Get Your Creole On

Need some culinary Mardi Gras inspiration? What’s a more authentic way to feast than a Jambalaya? This recipe is from Muhammad Ali’s boxing daughter, Laila (the article appeared in a recent Parade Sunday supplement.) She has been a real foodie since her wonder years and has competed on Chopped, hosted the FYI show Late Nite Chef Fight, and cooked on TV with everybody from Paula Deen to Steve Harvey, but the new Food for Life, released January 23, is her first cookbook—and just to be clear, not a diet book.

Unfortunately, we won’t be going down to New Orleans for Mardi Gras and chances are most of you won’t be either. But that doesn’t have to stop us all from enjoying some great Mardi Gras food. There are two general kinds of jambalaya: Creole and Cajun.


The main difference is that Creole jambalaya, which we are making here, also called “red jambalaya” uses tomatoes, Cajun jambalaya does not. You might say Cajun jambalaya is the love child of risotto and paella. But both styles utilize what’s referred to as the “holy trinity”—onion, celery, and bell pepper (usually green). BTW, a good andouille sausage is D’Artagnan, all-natural smoked heritage breed pork. It contains no antibiotics, no added hormones, or nitrates/nitrites.

“It’s not about eating one style of food; it’s about eating whole foods, incorporating a lot of vegetables and natural foods into your lifestyle. And I do also have a chapter that’s like the next-level stuff for people who want to take that next step into things like bone broth and making your own fermented foods to keep your gut healthy and things like that.”
~Laila Ali, Food For Life

This was a job for “Big Red” our trusty Le Creuset cast-iron enameled pot. She’s been a stalwart of our culinary arsenal for many years now and we can always count on her to to get the job done. Don’t get freaked by the number of ingredients or the complexity of the name, Laila’s Jambalaya is pretty easy to make. So get your Creole on, get cooking, and let the good times roll…


Laila's Jambalaya

  • Servings: 6
  • Difficulty: easy
  • Print


  • 1 lb skinless boneless chicken thighs, cut into 1-inch pieces
  • 2 tsp sea salt, divided
  • ¾ tsp smoked paprika ½ tsp freshly ground black pepper
  • 2 Tbsp extra-virgin olive oil, divided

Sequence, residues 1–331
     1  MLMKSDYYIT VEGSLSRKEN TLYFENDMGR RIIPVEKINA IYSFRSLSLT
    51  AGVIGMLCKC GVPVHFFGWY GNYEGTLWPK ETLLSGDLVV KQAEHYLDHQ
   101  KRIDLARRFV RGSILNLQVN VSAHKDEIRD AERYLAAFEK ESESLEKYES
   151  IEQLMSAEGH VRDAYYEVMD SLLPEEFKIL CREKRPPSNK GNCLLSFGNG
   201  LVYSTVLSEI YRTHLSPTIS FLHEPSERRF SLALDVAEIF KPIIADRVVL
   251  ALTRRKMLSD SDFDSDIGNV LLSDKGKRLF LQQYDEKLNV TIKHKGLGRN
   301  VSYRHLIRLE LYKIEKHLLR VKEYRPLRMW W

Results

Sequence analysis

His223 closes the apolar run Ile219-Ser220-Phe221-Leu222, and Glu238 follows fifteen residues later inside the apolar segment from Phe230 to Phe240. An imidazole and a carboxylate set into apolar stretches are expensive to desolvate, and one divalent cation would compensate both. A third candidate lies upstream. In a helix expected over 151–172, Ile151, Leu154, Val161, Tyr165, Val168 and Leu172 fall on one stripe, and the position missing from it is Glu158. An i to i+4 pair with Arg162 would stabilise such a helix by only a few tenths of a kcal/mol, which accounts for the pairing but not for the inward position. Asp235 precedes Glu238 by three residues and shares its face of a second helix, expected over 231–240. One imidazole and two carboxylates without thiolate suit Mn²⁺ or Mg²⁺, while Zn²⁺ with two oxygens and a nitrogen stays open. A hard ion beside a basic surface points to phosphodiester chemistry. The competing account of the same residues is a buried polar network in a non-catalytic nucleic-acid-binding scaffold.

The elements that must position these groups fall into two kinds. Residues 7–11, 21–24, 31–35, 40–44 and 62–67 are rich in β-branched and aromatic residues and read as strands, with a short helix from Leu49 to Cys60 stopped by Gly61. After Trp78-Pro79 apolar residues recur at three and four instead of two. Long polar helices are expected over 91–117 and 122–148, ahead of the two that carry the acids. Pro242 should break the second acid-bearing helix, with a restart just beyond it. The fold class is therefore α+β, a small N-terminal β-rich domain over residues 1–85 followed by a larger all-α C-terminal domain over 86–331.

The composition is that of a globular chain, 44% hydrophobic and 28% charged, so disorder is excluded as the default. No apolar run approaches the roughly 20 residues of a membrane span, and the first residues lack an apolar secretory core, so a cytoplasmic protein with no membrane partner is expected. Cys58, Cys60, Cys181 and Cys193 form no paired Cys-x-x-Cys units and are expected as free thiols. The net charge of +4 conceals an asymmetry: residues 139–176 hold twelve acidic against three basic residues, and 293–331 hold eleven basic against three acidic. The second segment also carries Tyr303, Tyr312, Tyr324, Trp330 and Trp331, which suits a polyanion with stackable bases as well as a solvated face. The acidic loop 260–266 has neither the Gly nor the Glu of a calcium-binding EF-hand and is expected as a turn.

• 1 medium onion, chopped
  • 2 medium shallots, chopped
  • 2 celery stalks, chopped
  • 1 medium green bell pepper, chopped
  • 1½ tsp garlic powder
  • Cayenne pepper (optional)
  • ½ cup low-sodium chicken broth or water, plus more as needed
  • 1 ⁄3 cup canned tomato puree
  • 8 oz smoked andouille sausage, cut crosswise into ½-inch slices
  • 1 lb large shrimp, peeled and deveined
  • 3 cups cooked brown rice
  • ¼ cup chopped flat-leaf parsley, plus more for garnish


  1. Place chicken in a large bowl; season with ½ tsp salt, paprika and pepper. Let stand 30 minutes while prepping other ingredients.
  2. In a large, heavy saucepan or Dutch oven, heat 1 Tbsp oil over medium. Add chicken; cook, undisturbed, 5 minutes. Stir; cook 5 minutes or until lightly browned on second side. Transfer chicken to a bowl.
  3. Add remaining 1 Tbsp oil to pan. Add onion, shallots, celery and bell pepper. Cook 10 minutes or until tender and starting to brown, stirring occasionally.
  4. Stir in garlic powder and a pinch of cayenne, if desired. Cook 1 minute, scraping bottom of pan to prevent spices from sticking. Add broth.
  5. Increase heat and scrape up any browned bits stuck to bottom of pan. Add chicken and juices, tomato puree and 1 tsp salt. Bring to a simmer. Cover, reduce heat to low and cook 15 minutes, stirring once or twice.
  6. Add sausage, shrimp and remaining ½ tsp salt. Increase heat to medium-high. Bring to a simmer, reduce heat to medium-low and cook 5 minutes or until shrimp are nearly done (when they’re pink and opaque) and sausage is warmed through.
  7. Slowly stir in rice. Add a little more broth if jambalaya looks dry (it should be saucy, not soupy). Remove from heat, cover and let stand 10 minutes. Stir in parsley. Serve garnished with extra parsley.



2 thoughts on “Get Your Creole On

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